“And during the few moments that we have left, we want to talk right down to earth, in a language that everybody here can easily understand.” These recorded words from Malcolm X — an excerpt from his 1963 speech “Message to the Grassroots” — followed by guitarist Vernon Reid’s thunderous riff driving the song “Cult of Personality,” form the opening moments of Vivid, the 1988 debut album by New York hard rock band Living Colour. The genre was fairly ubiquitous on pop radio airwaves in the late ‘80s; this, after all, was the era of hair metal, when one could see and hear pretty outrageous things from such artists, but surely no hard rock group in 1988 other than Living Colour were including soundbites from Malcolm X speeches in their songs. (Interestingly, “Cult of Personality” was originally intended to kick off with a clip from Martin Luther King, Jr.’s “I Have a Dream” speech, but the rights were too expensive to license from King’s estate.) And probably no other band working in this mode were singing about racism and gentrification, either. These were certainly elements that made Living Colour stand out from the pack, but their most obvious distinction was that they were a group of Black men playing loud, raucous, and undeniably compelling rock and roll. Not only that, but they also seamlessly incorporated other musical genres into their distinctive sound: funk, punk, jazz, country, R&B, hip hop. Living Colour’s eclecticism, then, within the narrowly blinkered racism of the music industry, was considered a liability rather than the great asset that it was, causing the band to initially suffer years of rejections by numerous record labels.
In the end, it took a co-sign from none other than Mick Jagger of the Rolling Stones to get the ball rolling for Living Colour’s recording career. In 1987, Jagger was in New York recording his sophomore solo effort Primitive Cool, which Reid was invited to play on. Jagger had heard the buzz about Living Colour and expressed his interest in seeing them live. Reid and lead vocalist Corey Glover — who’d tagged along to watch the recording sessions — invited Jagger to a gig at CBGBs, the famous punk/new wave venue where Living Colour frequently performed. Jagger indeed came to the show, bringing with him guitar legend Jeff Beck. Jagger obviously liked what he heard, because shortly afterward, he brought the band to his recording studio, where he produced two tracks that would eventually be included on Vivid: the jaunty Day-Glo pop confection “Glamour Boys” and the politically charged “Which Way to America?” Jagger also enlisted his engineer Ed Stasium — who’d previously worked with Talking Heads and Ramones — to produce the rest of Vivid. Largely on the strength of Jagger’s endorsement, Living Colour at long last landed a record deal with Epic, who would release Vivid in May of 1988.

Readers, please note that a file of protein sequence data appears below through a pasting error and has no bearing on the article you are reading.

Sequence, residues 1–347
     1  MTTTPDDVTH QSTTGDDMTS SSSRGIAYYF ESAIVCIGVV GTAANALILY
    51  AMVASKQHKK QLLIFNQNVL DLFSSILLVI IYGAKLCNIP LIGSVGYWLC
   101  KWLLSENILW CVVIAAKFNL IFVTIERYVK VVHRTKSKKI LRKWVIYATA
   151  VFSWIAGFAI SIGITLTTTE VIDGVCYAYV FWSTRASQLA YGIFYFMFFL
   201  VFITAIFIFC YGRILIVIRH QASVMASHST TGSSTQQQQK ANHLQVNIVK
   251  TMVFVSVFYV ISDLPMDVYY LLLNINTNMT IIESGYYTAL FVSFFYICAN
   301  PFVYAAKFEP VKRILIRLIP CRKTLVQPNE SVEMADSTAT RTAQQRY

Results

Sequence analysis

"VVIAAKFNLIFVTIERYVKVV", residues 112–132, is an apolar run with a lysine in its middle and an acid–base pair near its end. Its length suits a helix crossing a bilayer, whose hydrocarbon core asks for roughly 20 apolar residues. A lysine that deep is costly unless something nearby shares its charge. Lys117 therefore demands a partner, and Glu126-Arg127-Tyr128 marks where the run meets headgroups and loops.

“Cult of Personality,” the album’s second single released in the US, is Living Colour’s highest-charting track (peaking at #13 on the Hot 100) and remains the band’s best-known song. It embodies their politically inclined aesthetics, as well as their utterly accomplished musicianship, the tight rhythm section of drummer Will Calhoun and bassist Muzz Skillings providing a solid foundation for Reid’s avant jazz-inflected guitar pyrotechnics. The music was as heavy as anything by Led Zeppelin or Metallica, but Glover’s vocals weren’t your typical metal bellowing, but instead deeply soulful, R&B-style singing, which made for an absolutely killer combination. The effect is powerful enough that it almost makes one overlook the song’s muddled messaging, which decries hero worship and manipulation of the masses by the powerful, but seems to draw no distinction between beloved figures such as JFK and Gandhi and violent despots like Stalin and Mussolini. The lyrics also vacillate awkwardly between first-person address and omniscient commentary. At one point, Glover sneers, “I exploit you, still you love me / I tell you one and one makes three / Oh, I’m the cult of personality.” Later, however, he observes, “When a leader speaks, that leader dies / He won’t have to follow me / Only you can set you free.” Still, despite its confused politics, this song connected with many listeners and established Living Colour as a musical force to be seriously reckoned with.
Fortunately, Vivid contains other songs that express the band’s concern much more cogently, none more so than in the album’s strongest track “Open Letter (to a Landlord),” co-written by Reid and poet Tracie Morris, a searing indictment of gentrification and the profit motive behind this practice, which states its thesis right at the top: “Now you can tear a building down / But you can’t erase a memory / These houses may look all run-down / But they have a value you can’t see.” A rousing protest song of the highest order, this track appropriately ends with a collective call to arms: “You’ve got to fight for your neighborhood.” And so, Living Colour, with Vivid and its even better 1990 follow-up Time’s Up, was an influential and empowering group by its very existence, a powerful rebuke of the increasingly whitewashed, racially segregated and exclusionary rock music landscape, proving that a Black rock band was no anomaly or novelty, but the truest heirs to such inventors of the musical form as Chuck Berry, Little Richard, Fats Domino, Big Mama Thornton, and so many others.
Part of Kicking the Canon – The Album Canon.